Some of the biggest names in U.S. and European retailing, including Walmart, Carrefour and possibly Kroger, are linking up with Asian e-Commerce and Internet giants — and some of the deals are having an impact on the U.S. retail marketplace.
On January 25, Walmart and Rakuten, the Japanese e-Commerce company that has grown into a diversified global conglomerate, announced a two-pronged, two-country agreement. In Japan, Walmart will launch an online grocery delivery service; orders taken via Rakuten’s online marketplace platform will be fulfilled through a Walmart-Rakuten joint venture. In the U.S., Walmart will begin selling Rakuten Kobo’s eBooks, audiobooks and Kobo eReaders in Walmart stores and online.
Amidst these announcements, reports percolated about a potential alliance between Chinese e-Commerce giant Alibaba and the largest U.S.supermarket chain, Kroger.
The New York Post reported that senior executives from Kroger —but not its CEO — had met in China with officials from Alibaba in December. However, “there was no indication…that the two companies were talking merger,” according to the newspaper.
Kroger declined to comment, and an Alibaba spokesperson told the Post, “Alibaba has dialogue with hundreds of businesses around the world every day about expanding commercial relationships and reaching Chinese consumers, and Kroger is an example of just that.”
However, China’s Ministry of Commerce provided a hint that Alibaba and Kroger already have a relationship of some sort. In a January 13, 2018, release on developments in China’s retail enterprises in 2017, the Ministry stated, “Alibaba has teamed up with Kroger…to speed up the integration of online and offline sales.”
Integrating online and offline sales is not new territory for Alibaba, which has been involved in physical retailing since 2015 through a series of acquisitions and its home-grown Hema Xiansheng supermarkets.
Amazon, the unchallenged e-Commerce leader in the U.S., only recently made a bold move into brick-and-mortar retail with its acquisition of Whole Foods in August 2017. In Japan, Amazon is a close second to Rakuten in e-retail, but it trails Alibaba and JD.com by huge margins in China.
Asian Companies Seek Access To U.S.
Meanwhile, both Alibaba and JD.com have their sights set on the lucrative U.S. market.
JD.com will take its first step into the U.S. this year with an e-Commerce offering in Los Angeles. In a recent blog post, Liz Flora, Editor of Asia Pacific Research at L2 Inc., posited that JD.com could become a formidable challenger to Amazon if it were to import its strong relationship with Walmart in China to the U.S.
“While the Chinese e-tailer dwarfs Amazon’s tiny market share in China, it faces a formidable challenge coming into Amazon’s home territory,” Flora wrote. “It could have an advantage, however, if it works with ally Walmart. And, as Walmart increasingly moves to compete in Amazon’s online territory, Walmart also stands to gain if JD.com can reach the level of logistics success it has in China,” she added.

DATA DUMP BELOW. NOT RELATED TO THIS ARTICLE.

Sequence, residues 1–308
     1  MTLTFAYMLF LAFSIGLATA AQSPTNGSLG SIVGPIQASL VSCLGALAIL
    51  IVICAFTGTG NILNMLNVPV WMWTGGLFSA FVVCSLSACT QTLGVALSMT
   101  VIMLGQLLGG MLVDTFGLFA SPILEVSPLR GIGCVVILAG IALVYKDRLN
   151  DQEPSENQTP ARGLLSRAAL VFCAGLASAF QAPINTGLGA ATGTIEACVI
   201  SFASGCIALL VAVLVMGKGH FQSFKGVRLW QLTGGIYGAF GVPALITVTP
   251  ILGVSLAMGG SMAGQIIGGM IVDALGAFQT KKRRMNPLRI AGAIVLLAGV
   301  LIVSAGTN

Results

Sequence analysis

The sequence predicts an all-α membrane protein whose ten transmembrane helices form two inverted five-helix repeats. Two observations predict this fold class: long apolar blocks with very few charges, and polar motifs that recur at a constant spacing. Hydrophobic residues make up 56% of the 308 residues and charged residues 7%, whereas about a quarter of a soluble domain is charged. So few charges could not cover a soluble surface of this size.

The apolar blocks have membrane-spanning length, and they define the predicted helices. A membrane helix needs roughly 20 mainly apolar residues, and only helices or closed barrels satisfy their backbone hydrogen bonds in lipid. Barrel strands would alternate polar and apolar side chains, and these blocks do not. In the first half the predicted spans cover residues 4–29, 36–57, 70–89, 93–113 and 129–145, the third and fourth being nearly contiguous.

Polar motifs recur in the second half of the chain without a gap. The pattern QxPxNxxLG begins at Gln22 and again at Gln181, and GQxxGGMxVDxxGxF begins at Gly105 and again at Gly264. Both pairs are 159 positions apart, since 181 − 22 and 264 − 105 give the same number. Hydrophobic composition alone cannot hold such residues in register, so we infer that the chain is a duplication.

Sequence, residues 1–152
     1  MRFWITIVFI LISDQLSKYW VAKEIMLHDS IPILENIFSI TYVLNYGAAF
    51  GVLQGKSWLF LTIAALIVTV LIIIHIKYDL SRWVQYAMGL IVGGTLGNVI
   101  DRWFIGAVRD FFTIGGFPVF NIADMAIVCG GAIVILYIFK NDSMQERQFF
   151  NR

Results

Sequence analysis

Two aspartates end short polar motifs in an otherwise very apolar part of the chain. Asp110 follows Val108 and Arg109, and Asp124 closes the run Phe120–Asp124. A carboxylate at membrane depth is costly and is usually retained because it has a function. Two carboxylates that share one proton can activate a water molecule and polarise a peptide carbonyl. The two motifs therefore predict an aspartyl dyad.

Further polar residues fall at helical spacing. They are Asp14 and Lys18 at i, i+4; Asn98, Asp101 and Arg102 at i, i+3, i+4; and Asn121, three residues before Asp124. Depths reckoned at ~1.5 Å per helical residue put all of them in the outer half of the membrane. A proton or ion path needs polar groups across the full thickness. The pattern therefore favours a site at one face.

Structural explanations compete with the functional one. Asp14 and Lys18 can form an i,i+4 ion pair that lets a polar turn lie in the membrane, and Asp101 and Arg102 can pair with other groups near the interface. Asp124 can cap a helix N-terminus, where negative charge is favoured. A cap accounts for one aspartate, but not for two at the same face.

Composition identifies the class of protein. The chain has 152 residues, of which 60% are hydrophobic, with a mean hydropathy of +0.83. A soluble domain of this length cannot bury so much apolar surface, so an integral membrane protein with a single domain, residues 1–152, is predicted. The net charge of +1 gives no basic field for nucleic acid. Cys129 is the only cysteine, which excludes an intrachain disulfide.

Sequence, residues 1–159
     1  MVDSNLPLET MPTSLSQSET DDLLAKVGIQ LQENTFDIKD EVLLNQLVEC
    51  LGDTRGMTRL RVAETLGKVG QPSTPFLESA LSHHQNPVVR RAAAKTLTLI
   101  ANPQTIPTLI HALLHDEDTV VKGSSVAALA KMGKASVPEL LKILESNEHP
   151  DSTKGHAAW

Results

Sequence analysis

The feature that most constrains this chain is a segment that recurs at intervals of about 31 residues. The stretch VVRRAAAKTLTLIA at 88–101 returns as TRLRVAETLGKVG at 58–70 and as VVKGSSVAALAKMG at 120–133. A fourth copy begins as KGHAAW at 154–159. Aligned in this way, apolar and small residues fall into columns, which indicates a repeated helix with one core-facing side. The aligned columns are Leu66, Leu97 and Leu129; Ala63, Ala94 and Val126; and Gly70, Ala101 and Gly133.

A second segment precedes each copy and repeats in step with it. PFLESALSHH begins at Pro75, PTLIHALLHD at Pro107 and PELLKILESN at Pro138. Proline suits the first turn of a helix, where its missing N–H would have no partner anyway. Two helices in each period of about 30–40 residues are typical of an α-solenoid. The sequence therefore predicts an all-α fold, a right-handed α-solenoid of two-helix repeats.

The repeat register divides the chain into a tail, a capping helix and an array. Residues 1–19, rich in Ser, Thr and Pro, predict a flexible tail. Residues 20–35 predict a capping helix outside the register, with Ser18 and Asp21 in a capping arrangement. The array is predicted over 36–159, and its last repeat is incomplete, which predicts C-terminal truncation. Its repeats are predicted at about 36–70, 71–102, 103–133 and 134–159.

Walmart Sews Up ‘Last Mile’ With Rakuten Deal
Walmart already operates supermarkets in Japan through its Seiyu GK division. The new Walmart-Rakuten joint venture will launch an online grocery delivery service in Japan, called Rakuten Seiyu Netsuper, in the second half of 2018. In addition to using Seiyu stores to source products for delivery, the service will have its own dedicated fulfilment center.
“Rakuten is a strong e-Commerce business and we’re excited to collaborate with the top online shopping destination in Japan,” said Doug McMillon, Walmart President and CEO in a statement. “In Japan and everywhere we operate, we’re constantly exploring new ways to make every day easier for customers by offering great experiences in stores, online, via mobile — no matter how customers want to shop.”
In the U.S., the Walmart-Rakuten alliance gives Walmart an exclusive offering to compete against Amazon’s dominant Kindle and Audible brands in the eBook, audiobook and eReader markets.
Walmart.com will become the exclusive mass-market partner with Rakuten’s Kobo eReading Service, which offers nearly six million eBooks and audiobooks from thousands of publishers. The eBook content will be accessible through Kobo eReaders, which will be sold in Walmart stores, as well as through a Walmart/Kobo co-branded app.
“As global leaders in e-Commerce and offline shopping, Rakuten and Walmart are uniquely positioned to empower our customers around the world with innovative services,” said Hiroshi “Mickey” Mikitani, Rakuten Chairman, President and CEO in the joint release.
Walmart, JD.com Align Supply Chain And Inventory Systems
In China, where Walmart operates Walmart Supercenters and Sam’s Clubs, Walmart and JD.com, the country’s largest e-Commerce company in terms of revenue, formed an alliance in June 2016. This deal allowed Chinese consumers to purchase products from Walmart on the JD.com platform and have them delivered through JD.com’s crowdsourced delivery platform. In July 2017, the two companies announced that they would develop a unified supply chain and inventory-management system.
As the release explained, “When a customer places an order on JD.com, JD’s proprietary order management system will analyze data from both companies’ stock systems to determine whether a JD warehouse or Walmart store is closer to the customer, and dispatch a JD courier accordingly. This will significantly improve delivery efficiency for customers, optimize delivery routes for JD and increase Walmart’s inventory turnover rate.”
On the brick-and-mortar side, JD.com debuted one of its JD Home physical store concepts within a Walmart store in Shenzhen, and will set up pickup stations for JD.com online orders within Walmart units. And while Walmart’s partnership with Rakuten has a U.S. component, the JD.com-Walmart alliance does not — at least not yet.